where we were told breakfast would be served the
next morning.
Stone Town was not built with cars or public
transport in mind. As a result, many of the roads are
one way. They look like they were built for animals
and many of them end abruptly because vehicles are
not allowed into some residential areas.
Stone Town is also the seat of the semi-autonomous
Zanzibari government, but you don’t even know
when you are only 500 metres away from a
government building.
The architecture is beautiful — a mix of Swahili,
Arabic, Indian and European influences. Almost all
the buildings are made of stone and you can see the
ageing in them, the effects of the sea air. You can
smell the salt in the air, and taste it on your tongue if
you breathe through your mouth. Coupled with the
humidity, Zanzibar’s afternoons call for just being
lazy.
The best part is that you can walk around all night if
you please.
We left the hotel and went to the famous Forodhani
Gardens, a seaside street and seafood bazaar that
sells delicacies from the ocean. It is vibrant. Laid out
along the road, it spreads in one direction instead of
gaining depth and width.
In many respects, it is a grocery market filled with
everything you need to make a meal; tomatoes,
onions, coriander, vegetables, cheese, garlic, ginger,
lemons and dozens of other spices that I couldn’t
identify.
There is also an array of cooked food. In display cases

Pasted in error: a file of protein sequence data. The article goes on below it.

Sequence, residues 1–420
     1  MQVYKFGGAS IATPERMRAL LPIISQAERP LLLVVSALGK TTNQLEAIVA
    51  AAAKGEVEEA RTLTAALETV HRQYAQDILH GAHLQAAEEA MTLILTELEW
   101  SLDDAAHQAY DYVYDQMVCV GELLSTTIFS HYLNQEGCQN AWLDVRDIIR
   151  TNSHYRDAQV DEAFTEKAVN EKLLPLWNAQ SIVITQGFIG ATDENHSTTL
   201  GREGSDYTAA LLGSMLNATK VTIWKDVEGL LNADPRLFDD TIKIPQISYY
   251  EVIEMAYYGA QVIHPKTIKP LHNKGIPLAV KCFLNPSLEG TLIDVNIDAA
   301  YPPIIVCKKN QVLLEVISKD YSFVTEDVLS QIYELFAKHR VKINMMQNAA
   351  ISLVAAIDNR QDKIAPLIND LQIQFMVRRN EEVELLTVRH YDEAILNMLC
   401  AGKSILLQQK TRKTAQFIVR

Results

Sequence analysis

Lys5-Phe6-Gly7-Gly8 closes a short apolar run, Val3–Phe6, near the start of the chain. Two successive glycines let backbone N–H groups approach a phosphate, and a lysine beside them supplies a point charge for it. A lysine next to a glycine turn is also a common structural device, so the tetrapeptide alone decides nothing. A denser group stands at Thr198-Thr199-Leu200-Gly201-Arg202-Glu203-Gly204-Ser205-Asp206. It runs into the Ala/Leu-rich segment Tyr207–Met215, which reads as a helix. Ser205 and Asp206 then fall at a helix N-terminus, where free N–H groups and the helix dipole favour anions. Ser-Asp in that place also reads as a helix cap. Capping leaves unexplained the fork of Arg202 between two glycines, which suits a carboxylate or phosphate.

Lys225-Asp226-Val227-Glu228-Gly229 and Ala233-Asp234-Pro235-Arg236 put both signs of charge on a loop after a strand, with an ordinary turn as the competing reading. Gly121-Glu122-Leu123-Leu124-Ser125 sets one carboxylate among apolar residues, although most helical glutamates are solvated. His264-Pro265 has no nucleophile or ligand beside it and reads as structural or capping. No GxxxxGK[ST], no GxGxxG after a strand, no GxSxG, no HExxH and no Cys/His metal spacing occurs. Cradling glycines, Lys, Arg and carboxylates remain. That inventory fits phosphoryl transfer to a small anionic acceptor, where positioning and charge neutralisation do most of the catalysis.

are mshikakis (meat on skewers) of roast chicken,
beef, squid and other seafood, and various starches.
There are juices in ice-cube form made of passion
and sugarcane, flavoured with ginger and spices that
I still can’t identify. They were simply heavenly in
taste.
After Forodhani Gardens, we went looking for a bar.
There are few bars open in Zanzibar during
Ramadhan. Those that are open are generally empty.
The question I most wanted answered yet no one
could answer was, “What do you call an ashtray in
Kiswahili?”
The next day, while taking a walk, we bumped into
our taxi driver from the previous day. We needed a
taxi to get us across the island to Paje beach. But
first we visited the building where the Zanzibar
International Film Festival is hosted. It has a stone
coliseum with a circular seating area and a stage.
There are nights when plays are performed here and I
couldn’t imagine many things more beautiful than
sitting under the stars breathing in the salt air and
being taken away by actors to another world.
Later in our night wanderings, we got lost. Most
people think that all you need to do is keep heading
east and you will get to Japan. But, how do you know
where east is? Well, they say moss only grows on the
east side of rocks. But what do you do when you find
moss growing all over and footprints that look
exactly like the ones you left behind?
None of the streets we followed seemed to take us
where we had been, nothing looked familiar and
suddenly we found ourselves on the posh side of
Stone Town where there are hotels with uniformed
maître d’s.
The saving grace was that the posh hotels are close
to the beach, and once on the beach it is easy to walk
along it to the ferry terminal, then on to Forodhani,
and-with a few detours back to Flamingo where we
had kept our friendly cab-driver waiting for nearly 40
minutes.
He drove us to Paje beach with no extra cost for
waiting. Decent chap.

Posted from WordPress for BlackBerry.

Posted from WordPress for BlackBerry.

Posted from WordPress for BlackBerry.